The Dashboard unveiled Korean media industry’s deformed business model. Thanks to such odd, Korea-specific business models, media outlets rarely go out of business.
Korean media outlets – both print and broadcast – often publish advertorials not notifying that they’re ads, as if they’re actual news stories.
The outlets also organize business forums targeting executives at businesses and government organizations. They almost force the organizations to buy conference tickets or sign up for multi-million-KRW programs. These strategies are aimed at attracting PR budget – beyond simply obtaining ads.
KCIJ launched the Dashboard to unveil the status quo and abolish such practice.
Media industry insiders vaguely knew how Korean media companies make money, but there has been no news story unveiling the status quo with actual data. We’ve collected news and payment data and opened the database to public.
The KCIJ’s Dashboard is the first of its kind in local media industry to build up a database of published advertorials and another database of each government organization’s PR expenditure payment breakdown. As new data comes in with new advertorials being published, we regularly update the Dashboard.
After KCIJ’s stories were released, a group of Korean lawmakers submitted a bill to regulate advertorials to the National Assembly in December last year. The bill requires media outlets to notify advertorials as ads and impose fines if an outlet fails to comply.
We’ll continue the series until the bill passes the Assembly and become legislated.
As the Dashboard has to be regularly updated with new advertorials being published every day, we designed the website with Google Spreadsheet to allow all participants of this project can easily add new data any time. We coupled the Dashboard and Google Spreadsheet so that any changes made on the Spreadsheet can be reflected instantaneously on the Dashboard.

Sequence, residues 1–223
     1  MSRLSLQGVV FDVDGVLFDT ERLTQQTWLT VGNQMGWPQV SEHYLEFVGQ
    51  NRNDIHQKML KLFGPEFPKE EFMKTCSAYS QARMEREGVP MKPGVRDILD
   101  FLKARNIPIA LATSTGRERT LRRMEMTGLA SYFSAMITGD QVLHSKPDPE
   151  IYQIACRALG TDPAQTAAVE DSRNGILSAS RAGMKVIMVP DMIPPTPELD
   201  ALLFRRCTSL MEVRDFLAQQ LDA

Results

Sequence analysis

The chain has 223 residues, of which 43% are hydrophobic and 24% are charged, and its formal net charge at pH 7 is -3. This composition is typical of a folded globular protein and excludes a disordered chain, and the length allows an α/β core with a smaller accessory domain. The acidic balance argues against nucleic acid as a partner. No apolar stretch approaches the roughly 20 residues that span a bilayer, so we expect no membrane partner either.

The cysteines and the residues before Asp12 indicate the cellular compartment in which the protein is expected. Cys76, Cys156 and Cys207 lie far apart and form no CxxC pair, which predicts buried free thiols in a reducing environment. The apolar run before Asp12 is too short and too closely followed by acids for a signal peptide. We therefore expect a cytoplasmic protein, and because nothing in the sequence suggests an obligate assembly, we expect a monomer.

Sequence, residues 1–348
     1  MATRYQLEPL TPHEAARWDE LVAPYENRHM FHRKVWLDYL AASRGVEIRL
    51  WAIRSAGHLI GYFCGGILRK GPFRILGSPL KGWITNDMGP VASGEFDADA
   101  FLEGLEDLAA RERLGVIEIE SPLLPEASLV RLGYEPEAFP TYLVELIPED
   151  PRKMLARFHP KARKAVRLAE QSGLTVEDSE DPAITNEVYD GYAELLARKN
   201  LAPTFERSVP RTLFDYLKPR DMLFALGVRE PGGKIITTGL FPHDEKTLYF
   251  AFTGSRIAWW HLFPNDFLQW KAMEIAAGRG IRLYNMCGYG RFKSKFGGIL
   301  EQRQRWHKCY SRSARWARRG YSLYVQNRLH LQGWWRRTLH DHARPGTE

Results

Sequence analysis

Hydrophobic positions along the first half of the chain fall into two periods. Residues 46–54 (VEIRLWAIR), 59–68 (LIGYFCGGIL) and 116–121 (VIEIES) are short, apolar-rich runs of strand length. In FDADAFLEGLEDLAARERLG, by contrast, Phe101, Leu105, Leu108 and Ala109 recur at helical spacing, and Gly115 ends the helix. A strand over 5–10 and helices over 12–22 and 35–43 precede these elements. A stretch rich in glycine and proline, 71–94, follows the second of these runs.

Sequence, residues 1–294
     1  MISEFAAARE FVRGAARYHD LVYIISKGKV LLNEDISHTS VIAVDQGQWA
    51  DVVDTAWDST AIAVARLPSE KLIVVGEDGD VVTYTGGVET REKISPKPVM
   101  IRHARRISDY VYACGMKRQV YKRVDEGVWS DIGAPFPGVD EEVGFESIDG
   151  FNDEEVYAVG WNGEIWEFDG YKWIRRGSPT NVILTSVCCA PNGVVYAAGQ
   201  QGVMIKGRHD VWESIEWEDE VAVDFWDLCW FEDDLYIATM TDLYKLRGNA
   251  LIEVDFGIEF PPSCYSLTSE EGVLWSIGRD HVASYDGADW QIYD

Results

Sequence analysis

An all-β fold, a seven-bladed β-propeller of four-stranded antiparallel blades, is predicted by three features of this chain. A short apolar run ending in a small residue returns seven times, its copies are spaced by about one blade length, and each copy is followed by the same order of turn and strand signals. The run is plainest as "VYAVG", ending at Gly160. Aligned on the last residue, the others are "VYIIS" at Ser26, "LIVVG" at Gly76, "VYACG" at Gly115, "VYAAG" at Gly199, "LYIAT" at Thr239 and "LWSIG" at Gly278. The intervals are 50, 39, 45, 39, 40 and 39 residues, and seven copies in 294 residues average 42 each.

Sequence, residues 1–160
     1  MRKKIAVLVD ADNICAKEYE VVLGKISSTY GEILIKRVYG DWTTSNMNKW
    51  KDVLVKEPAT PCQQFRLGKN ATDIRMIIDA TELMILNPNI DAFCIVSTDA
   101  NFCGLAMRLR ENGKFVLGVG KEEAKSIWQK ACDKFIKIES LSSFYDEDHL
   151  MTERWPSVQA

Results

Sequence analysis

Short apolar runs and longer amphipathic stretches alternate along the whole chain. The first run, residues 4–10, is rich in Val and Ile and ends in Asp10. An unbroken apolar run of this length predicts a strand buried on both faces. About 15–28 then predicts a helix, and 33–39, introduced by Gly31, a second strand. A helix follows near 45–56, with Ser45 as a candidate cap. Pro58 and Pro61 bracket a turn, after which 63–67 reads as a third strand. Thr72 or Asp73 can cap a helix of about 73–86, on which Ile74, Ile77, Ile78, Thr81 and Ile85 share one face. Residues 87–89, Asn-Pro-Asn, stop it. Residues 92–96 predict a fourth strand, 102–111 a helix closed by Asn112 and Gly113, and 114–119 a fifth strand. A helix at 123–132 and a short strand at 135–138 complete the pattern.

What was the hardest part of this project?
KCIJ collected and reviewed tens of thousand news stories to spot advertorials, build a database and compare it with the database from Korea Advertising Review Board. To gather government and quasi-government organizations’ PR expenditure records, we attempted different methods including FOIA request.
Publishing advertorials not indicating it’s an ad and selling conference tickets are two abnormal and somewhat unethical revenue stream for a media outlet’s business model. It is a unique topic that only a non-profit independent newsroom like KCIJ can report objectively.
What can others learn from this project?
One can understand advertorial publishing trends in Korean newspapers and broadcast channels, by ranking of media outlets in numbers of published advertorials, ranking of advertisers, and size of government organizations’ PR expenditure spent on advertorials.
One can view above-mentioned data by media outlets and advertisers. The data is available month by month and year by year. Links to each advertorial story are also provided.
One can easily grasp the size of government expenditure spent on advertorials and buying conference tickets with visual elements like tree maps and bubble charts.